Recent findings

There is limited published literature in this field and few recent longitudinal studies of STI acquisition in people older than 50 years. Although there is evidence of an increase in incidence, STIs remain rare in older compared with younger populations. Compared with their heterosexual counterparts, older men who have sex with men are at higher risk of incident HIV and some other STIs. The HIV epidemic is ageing as a result of increasing life span and acquisition of HIV at older ages. Improved longevity, evolving societal norms and physiological changes may place older people at risk of HIV and other STIs.


Routine STI screening is not warranted in all older people. Education and prevention strategies for all people at greater risk of HIV, regardless of age are required. Age-appropriate interventions designed to impart knowledge and provide the requisite skills needed to reduce STI risk in older age would be beneficial.



June 30, 2018 at 10:49 am

The Brief Case: Disseminated Neisseria gonorrhoeae in an 18-Year-Old Female

Journal of Clinical Microbiology April 2018 V.56  N.4

Julianne E. Burns and Erin H. Graf


An 18-year-old previously healthy female presented to a Philadelphia, PA, pediatric emergency department in February for further evaluation of polyarticular arthritis. Two weeks prior, she had presented to an outside hospital with body aches and onset of acute pain in the left arm and leg. The etiology was thought to be cervical radiculopathy, and she was discharged on naproxen and prednisone. She returned to the outside hospital 5 days later without improvement and now with pain and swelling in her left knee, right thumb, right wrist, and bilateral ankles. She had a markedly elevated erythrocyte sedimentation rate (ESR) of 80 mm/h (reference range, 0 to 20 mm/h) and C-reactive protein (CRP) of 76.6 mg/dl (reference range, 0 to 0.9 mg/dl). A workup for autoimmune disease included negative results for antinuclear antibody, rheumatoid factor, and anticyclic citrullinated peptide. Serologic testing for Lyme disease was also negative……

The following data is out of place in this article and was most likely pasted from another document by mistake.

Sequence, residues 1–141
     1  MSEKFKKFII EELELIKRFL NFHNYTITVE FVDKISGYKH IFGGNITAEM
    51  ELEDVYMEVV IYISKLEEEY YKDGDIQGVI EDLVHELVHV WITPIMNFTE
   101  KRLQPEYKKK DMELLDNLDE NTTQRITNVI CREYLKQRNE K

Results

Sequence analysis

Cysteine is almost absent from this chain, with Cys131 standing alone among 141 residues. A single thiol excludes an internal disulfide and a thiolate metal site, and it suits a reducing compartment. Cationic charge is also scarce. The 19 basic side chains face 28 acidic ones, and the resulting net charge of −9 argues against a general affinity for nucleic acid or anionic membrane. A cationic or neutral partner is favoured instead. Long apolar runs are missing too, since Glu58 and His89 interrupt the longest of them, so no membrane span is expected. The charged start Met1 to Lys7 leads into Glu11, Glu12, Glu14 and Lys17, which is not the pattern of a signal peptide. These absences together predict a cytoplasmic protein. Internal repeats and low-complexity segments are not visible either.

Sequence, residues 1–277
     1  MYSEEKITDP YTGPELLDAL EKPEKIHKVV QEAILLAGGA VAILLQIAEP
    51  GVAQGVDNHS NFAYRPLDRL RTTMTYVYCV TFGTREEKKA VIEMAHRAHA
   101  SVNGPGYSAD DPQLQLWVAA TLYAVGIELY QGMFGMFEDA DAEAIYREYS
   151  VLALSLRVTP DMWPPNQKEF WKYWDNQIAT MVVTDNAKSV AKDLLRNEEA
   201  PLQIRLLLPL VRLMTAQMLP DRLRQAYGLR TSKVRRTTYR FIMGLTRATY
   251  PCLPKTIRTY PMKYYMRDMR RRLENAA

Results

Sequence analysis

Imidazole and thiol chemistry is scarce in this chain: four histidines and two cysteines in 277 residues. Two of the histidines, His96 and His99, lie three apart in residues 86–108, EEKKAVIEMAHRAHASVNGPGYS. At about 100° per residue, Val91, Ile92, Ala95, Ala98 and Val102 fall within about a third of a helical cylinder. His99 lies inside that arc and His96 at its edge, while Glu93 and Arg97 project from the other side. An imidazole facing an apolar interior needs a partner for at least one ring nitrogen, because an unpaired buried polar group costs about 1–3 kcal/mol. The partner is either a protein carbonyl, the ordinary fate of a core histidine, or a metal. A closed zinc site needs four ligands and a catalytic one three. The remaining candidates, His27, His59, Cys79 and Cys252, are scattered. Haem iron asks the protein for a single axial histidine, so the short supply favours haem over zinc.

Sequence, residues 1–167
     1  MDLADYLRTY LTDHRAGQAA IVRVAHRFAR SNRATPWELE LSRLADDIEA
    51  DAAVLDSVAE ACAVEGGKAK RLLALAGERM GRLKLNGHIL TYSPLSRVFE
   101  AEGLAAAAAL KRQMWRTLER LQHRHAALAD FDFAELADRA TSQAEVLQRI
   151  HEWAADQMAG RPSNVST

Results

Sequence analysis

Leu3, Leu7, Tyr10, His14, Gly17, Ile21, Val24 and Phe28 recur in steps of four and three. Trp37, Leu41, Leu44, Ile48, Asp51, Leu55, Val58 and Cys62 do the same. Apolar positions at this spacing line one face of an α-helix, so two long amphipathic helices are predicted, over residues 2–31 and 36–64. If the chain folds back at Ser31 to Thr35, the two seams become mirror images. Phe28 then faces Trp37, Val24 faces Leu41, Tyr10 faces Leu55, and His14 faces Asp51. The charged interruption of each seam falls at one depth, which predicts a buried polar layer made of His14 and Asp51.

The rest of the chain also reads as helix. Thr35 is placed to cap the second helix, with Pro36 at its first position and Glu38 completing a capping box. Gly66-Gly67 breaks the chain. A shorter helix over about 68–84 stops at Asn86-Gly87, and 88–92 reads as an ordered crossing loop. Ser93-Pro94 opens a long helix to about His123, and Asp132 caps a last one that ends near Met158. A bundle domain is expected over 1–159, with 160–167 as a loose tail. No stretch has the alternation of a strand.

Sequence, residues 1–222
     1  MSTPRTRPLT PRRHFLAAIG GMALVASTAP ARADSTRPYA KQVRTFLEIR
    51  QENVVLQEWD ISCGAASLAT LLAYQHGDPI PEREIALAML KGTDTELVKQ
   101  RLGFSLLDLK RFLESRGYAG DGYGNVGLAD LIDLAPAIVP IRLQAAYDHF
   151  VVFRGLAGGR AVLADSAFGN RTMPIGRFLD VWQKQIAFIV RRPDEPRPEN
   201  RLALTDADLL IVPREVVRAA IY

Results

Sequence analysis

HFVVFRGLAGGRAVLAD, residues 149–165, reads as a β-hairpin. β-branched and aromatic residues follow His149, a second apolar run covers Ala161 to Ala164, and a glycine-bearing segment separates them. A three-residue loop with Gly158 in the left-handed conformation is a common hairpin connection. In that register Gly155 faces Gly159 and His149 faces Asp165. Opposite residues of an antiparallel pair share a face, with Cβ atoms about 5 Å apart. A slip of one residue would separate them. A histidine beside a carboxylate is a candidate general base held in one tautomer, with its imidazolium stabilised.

Closing the Brief Case: Disseminated Neisseria gonorrhoeae in an 18-Year-Old Female


Which of the following specimens is recommended and FDA cleared for nucleic acid amplification testing (NAAT) in suspected cases of disseminated Neisseria gonorrhoeae?

a-Whole blood


c-Synovial fluid



March 27, 2018 at 8:21 am

Impact of Rapid Susceptibility Testing and Antibiotic Selection Strategy on the Emergence and Spread of Antibiotic Resistance in Gonorrhea

The Journal of Infectious Diseases November 27, 2017 V.216 N.9  P.1141–1149  

Ashleigh R Tuite; Thomas L Gift; Harrell W Chesson; Katherine Hsu; Joshua A Salomon …


Increasing antibiotic resistance limits treatment options for gonorrhea. We examined the impact of a hypothetical point-of-care (POC) test reporting antibiotic susceptibility profiles on slowing resistance spread.


A mathematical model describing gonorrhea transmission incorporated resistance emergence probabilities and fitness costs associated with resistance based on characteristics of ciprofloxacin (A), azithromycin (B), and ceftriaxone (C). We evaluated time to 1% and 5% prevalence of resistant strains among all isolates with the following: (1) empiric treatment (B and C), and treatment guided by POC tests determining susceptibility to (2) A only and (3) all 3 antibiotics.


Continued empiric treatment without POC testing was projected to result in >5% of isolates being resistant to both B and C within 15 years. Use of either POC test in 10% of identified cases delayed this by 5 years. The 3 antibiotic POC test delayed the time to reach 1% prevalence of triply-resistant strains by 6 years, whereas the A-only test resulted in no delay. Results were less sensitive to assumptions about fitness costs and test characteristics with increasing test uptake.


Rapid diagnostics reporting antibiotic susceptibility may extend the usefulness of existing antibiotics for gonorrhea treatment, but ongoing monitoring of resistance patterns will be critical.



January 31, 2018 at 11:18 pm